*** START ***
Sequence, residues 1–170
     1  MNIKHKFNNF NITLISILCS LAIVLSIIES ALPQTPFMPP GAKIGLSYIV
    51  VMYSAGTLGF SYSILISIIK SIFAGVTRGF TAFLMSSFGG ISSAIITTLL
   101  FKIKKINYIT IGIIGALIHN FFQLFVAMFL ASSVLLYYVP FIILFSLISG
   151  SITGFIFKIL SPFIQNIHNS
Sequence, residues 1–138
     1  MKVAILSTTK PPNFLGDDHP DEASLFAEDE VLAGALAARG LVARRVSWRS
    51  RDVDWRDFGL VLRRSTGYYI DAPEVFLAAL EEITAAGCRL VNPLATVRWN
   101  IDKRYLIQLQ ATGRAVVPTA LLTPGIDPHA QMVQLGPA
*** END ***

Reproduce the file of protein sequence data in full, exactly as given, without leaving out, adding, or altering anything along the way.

Sequence, residues 1–170
     1  MNIKHKFNNF NITLISILCS LAIVLSIIES ALPQTPFMPP GAKIGLSYIV
    51  VMYSAGTLGF SYSILISIIK SIFAGVTRGF TAFLMSSFGG ISSAIITTLL
   101  FKIKKINYIT IGIIGALIHN FFQLFVAMFL ASSVLLYYVP FIILFSLISG
   151  SITGFIFKIL SPFIQNIHNS
Sequence, residues 1–138
     1  MKVAILSTTK PPNFLGDDHP DEASLFAEDE VLAGALAARG LVARRVSWRS
    51  RDVDWRDFGL VLRRSTGYYI DAPEVFLAAL EEITAAGCRL VNPLATVRWN
   101  IDKRYLIQLQ ATGRAVVPTA LLTPGIDPHA QMVQLGPA